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Wednesday, 16 March 2005
Page: 134

Senator VANSTONE (Minister for Immigration and Multicultural and Indigenous Affairs and Minister Assisting the Prime Minister for Indigenous Affairs) (6:06 PM) —Senator Nettle, I am glad you asked that question and I am glad you chose other words than ‘penalties’. We do not think of it in that sense. We do want to make agreements. Where, for example, you make an agreement with a community for a pool, we think no pool, no school works very well. It is an idea that Indigenous Australia came up with, and it works very well in the communities where there is a commitment to it. It will be different from community to community. Some communities will be closer to regional areas where there might be a private sector firm that is happy to service the pool. Some communities will be more remote and will not have that capacity, so they might want to make an agreement about keeping enough people trained to keep the pool in good order, keeping enough people trained to be lifeguards at the pool so that the kids are safe, and organising swimming competitions or other physical activities using the pool so that there is a greater sense of community—that is, that the asset is really used and maintained—and in some cases they might want to make an agreement about kids who do not go to school not using the pool. In some cases we would be very happy with just that.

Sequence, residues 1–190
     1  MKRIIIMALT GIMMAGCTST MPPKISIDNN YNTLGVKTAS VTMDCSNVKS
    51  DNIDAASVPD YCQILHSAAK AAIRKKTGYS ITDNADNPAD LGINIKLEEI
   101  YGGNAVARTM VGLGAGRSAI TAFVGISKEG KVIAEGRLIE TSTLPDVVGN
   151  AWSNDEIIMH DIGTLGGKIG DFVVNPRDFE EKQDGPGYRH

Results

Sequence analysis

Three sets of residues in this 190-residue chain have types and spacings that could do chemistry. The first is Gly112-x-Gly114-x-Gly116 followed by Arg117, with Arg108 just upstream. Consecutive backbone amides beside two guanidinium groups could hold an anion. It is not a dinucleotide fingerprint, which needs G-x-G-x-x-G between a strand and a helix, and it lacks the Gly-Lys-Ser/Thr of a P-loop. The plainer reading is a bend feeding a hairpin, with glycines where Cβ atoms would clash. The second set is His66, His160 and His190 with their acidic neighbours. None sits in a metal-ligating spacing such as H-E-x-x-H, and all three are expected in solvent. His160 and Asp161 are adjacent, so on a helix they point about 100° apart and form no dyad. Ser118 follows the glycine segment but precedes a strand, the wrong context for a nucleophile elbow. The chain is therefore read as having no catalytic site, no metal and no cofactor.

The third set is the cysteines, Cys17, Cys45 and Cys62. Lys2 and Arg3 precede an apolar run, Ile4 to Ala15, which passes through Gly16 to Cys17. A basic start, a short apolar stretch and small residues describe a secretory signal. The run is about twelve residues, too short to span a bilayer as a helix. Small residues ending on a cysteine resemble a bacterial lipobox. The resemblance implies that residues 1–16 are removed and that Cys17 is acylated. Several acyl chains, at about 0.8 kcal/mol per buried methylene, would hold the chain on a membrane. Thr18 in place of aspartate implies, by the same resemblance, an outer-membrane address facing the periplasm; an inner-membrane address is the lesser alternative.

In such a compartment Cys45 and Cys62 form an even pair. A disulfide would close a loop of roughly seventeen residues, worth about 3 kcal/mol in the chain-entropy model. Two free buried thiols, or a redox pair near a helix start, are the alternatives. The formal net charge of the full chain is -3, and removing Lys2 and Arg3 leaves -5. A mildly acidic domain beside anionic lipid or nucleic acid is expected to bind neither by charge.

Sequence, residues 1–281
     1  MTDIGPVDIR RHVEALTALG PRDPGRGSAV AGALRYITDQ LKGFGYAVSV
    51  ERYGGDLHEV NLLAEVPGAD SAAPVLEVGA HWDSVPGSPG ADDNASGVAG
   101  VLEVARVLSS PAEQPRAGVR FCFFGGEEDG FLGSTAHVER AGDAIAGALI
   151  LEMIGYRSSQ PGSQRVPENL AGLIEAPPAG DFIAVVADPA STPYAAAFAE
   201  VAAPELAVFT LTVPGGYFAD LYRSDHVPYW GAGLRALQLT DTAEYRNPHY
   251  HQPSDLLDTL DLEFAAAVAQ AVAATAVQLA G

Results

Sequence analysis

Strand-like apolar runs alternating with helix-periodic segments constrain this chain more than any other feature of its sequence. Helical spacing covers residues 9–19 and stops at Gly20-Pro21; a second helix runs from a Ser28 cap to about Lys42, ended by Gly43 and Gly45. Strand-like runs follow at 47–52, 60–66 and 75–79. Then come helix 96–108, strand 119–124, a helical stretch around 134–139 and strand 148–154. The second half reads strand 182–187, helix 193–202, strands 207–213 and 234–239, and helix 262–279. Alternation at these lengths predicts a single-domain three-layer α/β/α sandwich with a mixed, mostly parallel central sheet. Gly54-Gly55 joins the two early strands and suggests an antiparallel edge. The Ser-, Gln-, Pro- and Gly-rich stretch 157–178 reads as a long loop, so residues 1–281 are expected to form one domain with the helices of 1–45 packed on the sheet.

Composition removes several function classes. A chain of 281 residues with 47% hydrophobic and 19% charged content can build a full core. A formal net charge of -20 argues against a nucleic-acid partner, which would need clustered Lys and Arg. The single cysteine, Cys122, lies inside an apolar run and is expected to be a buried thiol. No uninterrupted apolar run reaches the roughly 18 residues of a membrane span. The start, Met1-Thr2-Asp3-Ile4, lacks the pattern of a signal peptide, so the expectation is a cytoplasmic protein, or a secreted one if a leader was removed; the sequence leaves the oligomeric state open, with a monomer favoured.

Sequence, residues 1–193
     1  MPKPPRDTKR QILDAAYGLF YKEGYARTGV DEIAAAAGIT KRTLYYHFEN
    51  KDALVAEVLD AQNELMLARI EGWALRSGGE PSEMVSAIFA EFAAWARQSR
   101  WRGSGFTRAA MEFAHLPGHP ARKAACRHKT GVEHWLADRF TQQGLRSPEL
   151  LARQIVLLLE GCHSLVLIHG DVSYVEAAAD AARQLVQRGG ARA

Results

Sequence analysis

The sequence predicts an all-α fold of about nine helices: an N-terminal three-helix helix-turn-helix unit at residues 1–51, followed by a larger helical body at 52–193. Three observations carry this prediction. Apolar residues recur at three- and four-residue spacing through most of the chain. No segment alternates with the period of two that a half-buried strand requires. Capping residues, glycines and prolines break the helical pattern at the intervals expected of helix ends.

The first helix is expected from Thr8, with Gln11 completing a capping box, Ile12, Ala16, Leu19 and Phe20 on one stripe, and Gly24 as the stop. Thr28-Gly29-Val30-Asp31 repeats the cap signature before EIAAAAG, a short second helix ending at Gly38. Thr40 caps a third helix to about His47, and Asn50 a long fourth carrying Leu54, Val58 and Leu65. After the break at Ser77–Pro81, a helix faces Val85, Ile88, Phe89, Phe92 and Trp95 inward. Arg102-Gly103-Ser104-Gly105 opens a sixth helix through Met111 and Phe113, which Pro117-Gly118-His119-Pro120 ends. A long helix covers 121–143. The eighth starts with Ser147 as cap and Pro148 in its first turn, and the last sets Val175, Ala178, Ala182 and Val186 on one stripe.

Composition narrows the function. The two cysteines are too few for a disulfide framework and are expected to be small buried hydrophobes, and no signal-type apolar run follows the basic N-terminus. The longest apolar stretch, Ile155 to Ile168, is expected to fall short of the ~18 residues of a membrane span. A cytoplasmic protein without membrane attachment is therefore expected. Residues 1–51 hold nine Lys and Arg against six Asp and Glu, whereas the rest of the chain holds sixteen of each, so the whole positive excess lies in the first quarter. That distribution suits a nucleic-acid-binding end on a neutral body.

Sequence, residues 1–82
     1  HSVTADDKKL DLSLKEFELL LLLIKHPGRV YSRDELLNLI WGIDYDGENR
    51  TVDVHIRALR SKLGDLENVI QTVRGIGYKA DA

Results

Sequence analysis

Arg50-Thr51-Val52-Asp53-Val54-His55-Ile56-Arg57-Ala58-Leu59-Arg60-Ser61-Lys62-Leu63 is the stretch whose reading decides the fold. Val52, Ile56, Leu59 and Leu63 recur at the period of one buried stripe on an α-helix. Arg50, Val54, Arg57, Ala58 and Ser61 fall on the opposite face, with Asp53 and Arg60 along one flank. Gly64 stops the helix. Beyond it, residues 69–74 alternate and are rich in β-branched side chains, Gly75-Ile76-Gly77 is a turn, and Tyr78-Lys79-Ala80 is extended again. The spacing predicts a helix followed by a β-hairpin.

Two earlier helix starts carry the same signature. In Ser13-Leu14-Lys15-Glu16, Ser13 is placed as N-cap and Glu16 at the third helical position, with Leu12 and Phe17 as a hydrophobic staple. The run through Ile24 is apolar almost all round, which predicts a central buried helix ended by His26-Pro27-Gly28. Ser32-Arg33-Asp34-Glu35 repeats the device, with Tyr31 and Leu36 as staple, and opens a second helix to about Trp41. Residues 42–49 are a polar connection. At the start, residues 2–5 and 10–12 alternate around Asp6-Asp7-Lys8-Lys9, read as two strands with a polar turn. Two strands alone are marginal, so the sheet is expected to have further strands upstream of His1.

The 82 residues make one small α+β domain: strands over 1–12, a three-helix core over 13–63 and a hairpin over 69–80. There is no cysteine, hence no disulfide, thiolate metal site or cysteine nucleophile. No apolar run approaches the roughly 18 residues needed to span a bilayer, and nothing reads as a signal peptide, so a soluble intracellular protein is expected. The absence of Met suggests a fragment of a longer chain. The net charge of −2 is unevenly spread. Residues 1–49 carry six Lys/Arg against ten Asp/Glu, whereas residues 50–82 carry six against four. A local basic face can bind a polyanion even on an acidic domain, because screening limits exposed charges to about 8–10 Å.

You are asking what happens if they do not do it. I will tell you what happens. If the pool is not maintained, the water is dirty and the kids are not safe—that is a disaster. If that community then came back and said, ‘Now we would like you to do something else,’ you can understand that our approach would be, ‘Hold on, we have an agreement with you about the pool. Let’s work on that agreement about the pool. Let’s get both sides of the bargain going there.’ So we have a very open and flexible approach working with community by community.

I do not have the expectation that an individual community will say, ‘We have got the pool; now we can sit down and do nothing.’ They want the pool to be clean and they want the kids to be safe and they want the kids to go to school. Ngukurr in Arnhem Land was the first community where I came across this approach. The community thought of it. They told me that everyone in that community had money taken out of their CDEP for three years, and they did this by themselves. They went to the local government—the federal government was not involved in this—and said, ‘We have this much money. Will you help us with the rest? This is what we want: we want a better future for our kids, we want them to go to school and we want them to be healthy.’ We will help them maintain the pool, keep lifeguards there and keep the kids active. If you get the opportunity you should go to Ngukurr and have a look, because they do a damned good job. So I do not approach these agreements on the basis of what I will do if Indigenous Australia do not live up to their word; I approach these agreements on the basis that Indigenous Australia will live up to their word.